# Total and updated Lagrangian formulations

We know that for non-linear finite element analysis, we generally have 2 formulations:

1)Total Lagrangian formulation

2)Updated Lagrangian formulation

In the Total Lagrangian the refernce frame at t=0 is used i.e. all the integrations are carried out using the original volume and surface area and the sterss measures generally used include the Second Piolla and Green Lagrangian strain

Whereas, in updated Lagrangian formulation, the reference configuration at time 't' is used (the equation of principle of virtual work being solved at time t+delta_t).

So, all the integrations are carried out using volumes / surface areas at time 't'.

My question is:

I have read in the book by Bathe, that, in problems involving material non linearity + large displacements  + large strains - the updated Lagrangian formulation should be used.

Whereas, in rpoblems involving material non linearity + large dispalcements + small starins the Total Lagrangian formulatino may be used.

IS this correct? (I mean Bathe's book cannot be wrong so, am I interprating it correctly)?

Why is he distinguishin the formulation with material non-linearity?

Thanks,

Kajal

### Hi,

Hi,

both formulations are equvalent and can be used in both cases.

Bafty

### large strain with material non linearity

Thanks. I too did think so.

Can I then ask how does a formulation for large strain and large displacements differ from a formulation with large displacement and small strain?

I had been thinking that since the updated Lagrangian formulation, uses the voume and surface area at time 't' (whereas total lagrangian uses volume and surface area at time '0' i.e. the initial configuration), updated lagrangian is one which would take into account large strains and large displacements

### The small-strain stress

The small-strain stress-strain law can be used for small-strain large rotation formulation. So I think that only diference is in a constitutive equation you choose.

### No, you are not correct

When we use the terminology 'constitutive', you are talking about material laws.

A geometric non linear problem can:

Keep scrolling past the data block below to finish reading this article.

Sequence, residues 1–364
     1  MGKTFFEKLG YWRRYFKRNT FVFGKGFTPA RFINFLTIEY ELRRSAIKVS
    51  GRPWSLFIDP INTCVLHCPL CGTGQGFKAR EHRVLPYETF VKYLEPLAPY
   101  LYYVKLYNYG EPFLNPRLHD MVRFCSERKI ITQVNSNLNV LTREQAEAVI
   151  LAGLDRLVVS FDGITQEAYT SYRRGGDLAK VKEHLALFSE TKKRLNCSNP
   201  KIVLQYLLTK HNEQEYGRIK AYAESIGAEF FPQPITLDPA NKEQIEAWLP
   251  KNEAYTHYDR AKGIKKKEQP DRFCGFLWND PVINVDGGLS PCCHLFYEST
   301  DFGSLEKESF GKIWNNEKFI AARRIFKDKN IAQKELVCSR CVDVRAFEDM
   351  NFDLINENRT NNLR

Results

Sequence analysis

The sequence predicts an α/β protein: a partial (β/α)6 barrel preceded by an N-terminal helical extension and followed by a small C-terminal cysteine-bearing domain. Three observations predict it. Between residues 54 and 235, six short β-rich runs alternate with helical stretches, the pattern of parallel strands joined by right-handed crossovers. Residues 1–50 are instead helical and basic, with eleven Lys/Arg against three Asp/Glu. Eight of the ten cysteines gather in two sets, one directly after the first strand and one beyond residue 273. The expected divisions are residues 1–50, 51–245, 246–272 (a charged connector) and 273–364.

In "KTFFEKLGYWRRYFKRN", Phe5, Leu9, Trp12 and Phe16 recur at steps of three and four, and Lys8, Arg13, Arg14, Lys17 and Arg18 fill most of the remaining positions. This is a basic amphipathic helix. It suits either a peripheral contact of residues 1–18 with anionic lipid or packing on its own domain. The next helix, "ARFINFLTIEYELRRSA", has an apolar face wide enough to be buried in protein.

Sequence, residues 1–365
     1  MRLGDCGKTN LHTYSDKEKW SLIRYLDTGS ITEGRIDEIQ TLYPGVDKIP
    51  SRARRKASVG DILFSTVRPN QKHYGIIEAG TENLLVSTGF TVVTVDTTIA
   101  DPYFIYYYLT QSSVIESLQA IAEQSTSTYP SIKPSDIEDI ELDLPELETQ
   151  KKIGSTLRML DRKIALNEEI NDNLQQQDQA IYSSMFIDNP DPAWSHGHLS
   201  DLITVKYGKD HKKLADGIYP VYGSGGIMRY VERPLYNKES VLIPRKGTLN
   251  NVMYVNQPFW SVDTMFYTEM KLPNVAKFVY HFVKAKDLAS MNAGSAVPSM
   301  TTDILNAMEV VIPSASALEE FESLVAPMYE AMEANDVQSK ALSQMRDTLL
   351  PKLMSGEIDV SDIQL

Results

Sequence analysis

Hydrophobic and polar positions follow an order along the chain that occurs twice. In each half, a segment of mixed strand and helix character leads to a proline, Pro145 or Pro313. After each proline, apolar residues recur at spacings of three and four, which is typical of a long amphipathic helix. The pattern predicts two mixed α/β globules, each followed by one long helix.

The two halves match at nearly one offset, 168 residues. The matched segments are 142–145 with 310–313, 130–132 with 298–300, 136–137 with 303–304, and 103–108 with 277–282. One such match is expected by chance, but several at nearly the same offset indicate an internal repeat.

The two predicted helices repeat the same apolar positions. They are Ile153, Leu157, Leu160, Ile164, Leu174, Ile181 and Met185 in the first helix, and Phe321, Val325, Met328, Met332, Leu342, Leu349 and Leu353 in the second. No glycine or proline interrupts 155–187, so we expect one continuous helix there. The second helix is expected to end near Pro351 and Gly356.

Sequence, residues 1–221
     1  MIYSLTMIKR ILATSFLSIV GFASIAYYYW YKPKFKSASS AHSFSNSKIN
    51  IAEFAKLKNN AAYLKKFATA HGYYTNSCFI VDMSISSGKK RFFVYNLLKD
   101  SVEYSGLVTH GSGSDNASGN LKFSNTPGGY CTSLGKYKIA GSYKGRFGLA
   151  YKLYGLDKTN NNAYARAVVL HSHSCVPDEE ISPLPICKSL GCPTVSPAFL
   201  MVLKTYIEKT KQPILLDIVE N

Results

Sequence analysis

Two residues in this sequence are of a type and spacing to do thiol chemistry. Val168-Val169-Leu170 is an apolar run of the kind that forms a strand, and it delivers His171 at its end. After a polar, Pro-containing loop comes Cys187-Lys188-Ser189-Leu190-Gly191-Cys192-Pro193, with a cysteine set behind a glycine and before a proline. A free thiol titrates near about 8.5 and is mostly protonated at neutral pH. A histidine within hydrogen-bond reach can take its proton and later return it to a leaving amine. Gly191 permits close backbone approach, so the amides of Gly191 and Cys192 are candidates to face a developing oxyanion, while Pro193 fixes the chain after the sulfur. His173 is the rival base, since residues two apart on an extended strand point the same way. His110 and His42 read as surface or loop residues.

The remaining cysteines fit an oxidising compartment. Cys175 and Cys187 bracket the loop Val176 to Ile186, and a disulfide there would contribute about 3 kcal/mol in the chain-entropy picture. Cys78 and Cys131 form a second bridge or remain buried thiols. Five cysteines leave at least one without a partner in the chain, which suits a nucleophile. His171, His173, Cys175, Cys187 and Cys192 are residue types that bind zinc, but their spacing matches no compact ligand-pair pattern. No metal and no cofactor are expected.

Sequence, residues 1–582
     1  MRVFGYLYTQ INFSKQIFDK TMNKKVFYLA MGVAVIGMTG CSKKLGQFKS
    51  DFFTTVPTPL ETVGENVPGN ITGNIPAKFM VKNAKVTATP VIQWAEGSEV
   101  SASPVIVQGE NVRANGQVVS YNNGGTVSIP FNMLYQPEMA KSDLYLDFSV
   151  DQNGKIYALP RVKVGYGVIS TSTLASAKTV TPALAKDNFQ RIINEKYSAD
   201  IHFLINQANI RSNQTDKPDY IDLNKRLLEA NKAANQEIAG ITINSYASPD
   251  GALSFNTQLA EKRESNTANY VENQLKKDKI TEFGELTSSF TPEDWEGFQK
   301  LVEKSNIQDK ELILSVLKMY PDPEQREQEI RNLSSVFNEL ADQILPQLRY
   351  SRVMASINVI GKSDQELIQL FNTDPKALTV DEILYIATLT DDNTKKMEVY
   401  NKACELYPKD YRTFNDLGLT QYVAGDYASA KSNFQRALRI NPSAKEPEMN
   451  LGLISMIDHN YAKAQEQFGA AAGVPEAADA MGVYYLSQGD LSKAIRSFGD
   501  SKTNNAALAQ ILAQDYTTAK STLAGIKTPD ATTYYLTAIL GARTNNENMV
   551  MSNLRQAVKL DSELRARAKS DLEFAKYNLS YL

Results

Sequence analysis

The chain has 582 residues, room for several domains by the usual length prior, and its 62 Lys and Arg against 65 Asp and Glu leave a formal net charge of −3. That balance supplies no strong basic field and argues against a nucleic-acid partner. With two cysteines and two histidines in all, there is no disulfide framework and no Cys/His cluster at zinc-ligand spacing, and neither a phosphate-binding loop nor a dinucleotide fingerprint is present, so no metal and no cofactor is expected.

1) large displacement  and small strain problem , or

2) large displacement and large strain problem.

My question is what is so special about 2) , what is so special that needs to be done to within a total lagrangian formualtion or updated lagrangian formulation to amke it work for large displacement and large strain?

### There is nothing special

There is nothing special about the second formulation. The total lagrangian formulation can be easily used for large strain and large deformation analysis as has been done in many papers. The simplest large strain models are hyperelastic materials such as neo-hookean and so on. In the large-rotation small-strain one just assume that the strains are small thus standard small-strain constitutive law can be used.

### thank you, then?

Thank you.

do you mean to say if I derived my finite element equations using the total Lagrangian  formulation(or, updated Lagrangian formulation), then, if I encounter a problem where we have large strains (in general), then these large starins should be captured through the finite element code?

### To include large strains, you

To include large strains, you need to change your B matrix to compute strain. You can work with deformation gradient for example, then you need to compute B matrix related to displacement gradient, not only to its symmetric part. Then you get F and form F you compute First Piola Kirchhoff stress through constitutive law and from that internal forces. You can also work with second Green-Lagrangian strain and second Piola-Kicrchoff stress or another one.

### thanks

Thanks Bafty...I will be coming into coding inclusing large strains in the next 3 to 4 months and this discussion and your insight above will be very useful.

Kajal